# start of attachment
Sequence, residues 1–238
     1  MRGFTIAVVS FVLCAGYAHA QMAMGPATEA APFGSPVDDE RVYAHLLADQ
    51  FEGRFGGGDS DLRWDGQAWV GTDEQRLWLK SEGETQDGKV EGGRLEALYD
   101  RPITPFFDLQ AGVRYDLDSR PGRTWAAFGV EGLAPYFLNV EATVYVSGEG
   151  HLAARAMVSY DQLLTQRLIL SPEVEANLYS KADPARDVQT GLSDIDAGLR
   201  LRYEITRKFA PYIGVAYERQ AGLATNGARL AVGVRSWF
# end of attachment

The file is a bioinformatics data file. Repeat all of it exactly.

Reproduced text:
Sequence, residues 1–238
     1  MRGFTIAVVS FVLCAGYAHA QMAMGPATEA APFGSPVDDE RVYAHLLADQ
    51  FEGRFGGGDS DLRWDGQAWV GTDEQRLWLK SEGETQDGKV EGGRLEALYD
   101  RPITPFFDLQ AGVRYDLDSR PGRTWAAFGV EGLAPYFLNV EATVYVSGEG
   151  HLAARAMVSY DQLLTQRLIL SPEVEANLYS KADPARDVQT GLSDIDAGLR
   201  LRYEITRKFA PYIGVAYERQ AGLATNGARL AVGVRSWF